RISE-Ghana calls on chiefs to support exclusive breastfeeding

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In its bid to encourage exclusive breastfeeding in adherence to Ghana newborn care policy, RISE- Ghana, a Non-governmental organization based in the Upper East Region has marked this year’s breastfeeding day with a call on traditional authorities to support the campaign for exclusive breastfeeding.

According to the Ghana Child Health Policy, exclusive breastfeeding will be promoted from birth to 6 months (children less than 180 days). Exclusive breastfeeding means that the infant is breastfed and given no other solids or liquids, including water (drops of vitamins, minerals or medicines, are allowed, when medically indicated).

Virtually all mothers can breastfeed, provided they have accurate information, and the support of their family, the health care system and society at large.

Speaking to A1    NEWS after his organisation marked this year’s World Breastfeeding Day in Bolgatanga, the Executive Director of RISE-Ghana, Awal Ahmed Kariama, said in reducing the number of newborn death in the region, his outfit is initiating a mother-baby friendly health facility initiative project in the collaboration of stakeholders.

“RISE –Ghana is implementing a project called mother-baby friendly health facility initiative project with support from UNICEF Ghana, Ghana Health Service (GHS) so as a major way to sustain this programme, we got funding from World Alliance for Breastfeeding Action (WABA) and Swedish International Development Agency (SIDA) to mark the week and we realized that the traditional authorities such as the people who are gathered here today, the chiefs are very important in strengthening worm chain of breastfeeding. So we brought together these chiefs from the various traditional areas across the region, so that we can build their capacity to support new mothers and to support women to be able to do exclusive breastfeeding in early initiation in their various communities.”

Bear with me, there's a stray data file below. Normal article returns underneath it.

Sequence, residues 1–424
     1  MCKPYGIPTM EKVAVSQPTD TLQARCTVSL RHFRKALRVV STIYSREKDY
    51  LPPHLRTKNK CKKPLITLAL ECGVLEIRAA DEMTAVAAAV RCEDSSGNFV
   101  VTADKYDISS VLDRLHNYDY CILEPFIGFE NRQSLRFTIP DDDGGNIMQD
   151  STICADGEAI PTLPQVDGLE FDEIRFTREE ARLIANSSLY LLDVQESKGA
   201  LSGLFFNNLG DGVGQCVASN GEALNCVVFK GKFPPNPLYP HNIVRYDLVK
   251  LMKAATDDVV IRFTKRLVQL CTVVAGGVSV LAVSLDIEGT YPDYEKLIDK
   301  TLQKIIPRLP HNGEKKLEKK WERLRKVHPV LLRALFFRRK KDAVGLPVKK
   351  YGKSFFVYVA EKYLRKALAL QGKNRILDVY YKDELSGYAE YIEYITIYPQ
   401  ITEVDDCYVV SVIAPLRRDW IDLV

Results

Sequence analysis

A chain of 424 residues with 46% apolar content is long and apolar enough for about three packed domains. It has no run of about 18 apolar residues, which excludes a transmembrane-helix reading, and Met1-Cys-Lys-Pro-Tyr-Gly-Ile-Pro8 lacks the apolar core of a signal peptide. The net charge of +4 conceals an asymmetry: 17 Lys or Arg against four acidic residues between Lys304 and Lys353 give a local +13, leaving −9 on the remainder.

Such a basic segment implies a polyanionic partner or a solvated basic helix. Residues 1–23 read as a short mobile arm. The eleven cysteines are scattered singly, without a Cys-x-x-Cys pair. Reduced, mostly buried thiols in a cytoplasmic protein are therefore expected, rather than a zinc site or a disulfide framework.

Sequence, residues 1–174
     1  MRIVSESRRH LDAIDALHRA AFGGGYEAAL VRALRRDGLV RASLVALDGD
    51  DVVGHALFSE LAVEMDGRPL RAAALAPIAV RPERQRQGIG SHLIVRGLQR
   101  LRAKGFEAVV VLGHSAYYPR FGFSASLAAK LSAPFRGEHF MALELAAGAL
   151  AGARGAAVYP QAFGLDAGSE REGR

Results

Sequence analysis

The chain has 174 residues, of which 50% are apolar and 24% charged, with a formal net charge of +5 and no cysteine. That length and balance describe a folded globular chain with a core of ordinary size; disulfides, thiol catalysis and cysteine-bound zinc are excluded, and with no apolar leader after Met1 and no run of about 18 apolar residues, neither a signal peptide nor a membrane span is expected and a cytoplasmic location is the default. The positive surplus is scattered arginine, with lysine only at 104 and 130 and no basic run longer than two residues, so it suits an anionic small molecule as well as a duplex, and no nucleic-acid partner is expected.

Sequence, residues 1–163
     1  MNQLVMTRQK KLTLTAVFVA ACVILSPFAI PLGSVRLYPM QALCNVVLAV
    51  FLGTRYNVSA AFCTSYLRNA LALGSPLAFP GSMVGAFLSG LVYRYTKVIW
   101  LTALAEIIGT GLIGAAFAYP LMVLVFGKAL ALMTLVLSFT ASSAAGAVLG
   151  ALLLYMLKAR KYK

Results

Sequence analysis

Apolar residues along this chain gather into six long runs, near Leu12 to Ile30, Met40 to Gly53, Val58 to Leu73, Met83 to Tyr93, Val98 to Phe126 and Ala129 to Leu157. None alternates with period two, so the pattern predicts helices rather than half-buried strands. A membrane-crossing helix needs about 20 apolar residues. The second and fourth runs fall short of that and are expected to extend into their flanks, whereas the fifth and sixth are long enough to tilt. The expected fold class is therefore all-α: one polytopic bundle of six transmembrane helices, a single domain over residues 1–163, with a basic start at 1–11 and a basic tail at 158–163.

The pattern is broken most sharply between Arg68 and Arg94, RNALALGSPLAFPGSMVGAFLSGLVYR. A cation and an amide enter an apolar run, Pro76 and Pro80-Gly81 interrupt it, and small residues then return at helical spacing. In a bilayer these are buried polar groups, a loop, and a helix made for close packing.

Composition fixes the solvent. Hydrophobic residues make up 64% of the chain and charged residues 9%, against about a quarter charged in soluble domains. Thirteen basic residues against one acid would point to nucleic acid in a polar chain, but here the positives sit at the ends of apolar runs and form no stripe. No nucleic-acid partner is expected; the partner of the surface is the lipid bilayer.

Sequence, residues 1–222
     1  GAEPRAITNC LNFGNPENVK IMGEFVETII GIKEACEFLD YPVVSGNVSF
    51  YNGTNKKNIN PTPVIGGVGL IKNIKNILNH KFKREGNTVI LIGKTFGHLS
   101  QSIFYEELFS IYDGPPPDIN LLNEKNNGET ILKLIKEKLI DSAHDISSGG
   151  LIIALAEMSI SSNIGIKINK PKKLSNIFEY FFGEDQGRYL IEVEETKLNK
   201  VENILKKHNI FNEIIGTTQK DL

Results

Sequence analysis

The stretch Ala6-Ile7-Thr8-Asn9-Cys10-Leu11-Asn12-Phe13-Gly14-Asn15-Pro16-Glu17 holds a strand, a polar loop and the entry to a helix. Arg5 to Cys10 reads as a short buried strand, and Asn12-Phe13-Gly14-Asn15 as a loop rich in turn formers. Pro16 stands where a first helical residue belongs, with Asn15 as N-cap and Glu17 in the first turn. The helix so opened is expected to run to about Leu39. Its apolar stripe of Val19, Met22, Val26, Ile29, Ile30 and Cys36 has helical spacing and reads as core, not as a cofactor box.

Upper East Health Director Dr. Winfred Ofosu, said exclusive breastfeeding in the region by nursing mothers is still poor.

“Available evidence shows breastfeeding has benefits for both mother and the baby. For the baby breastfeeding protects against infections such as diarrhea, respiratory tract infections, increases intelligence of the child and possibly reduces overweight and diabetes. For nursing mothers, breastfeeding protects against breast cancer, improve birth spacing and probably protects against ovarian cancer and type 2 diabetes”.

He recognised that traditional leaders have a unique role to play in ensuring that nursing mothers are encouraged to feed their babies.

The Deputy Upper East Regional Minister, Fuseni Adongo, admonished stakeholders in health to make health facilities mother-baby friendly by making available counseling opportunities for mothers and rest rooms for feeding babies with breast milk.

Source:A1radioonline.com|101.1FM|Ghana| Ngamegbulam Chidozie Stephen

 

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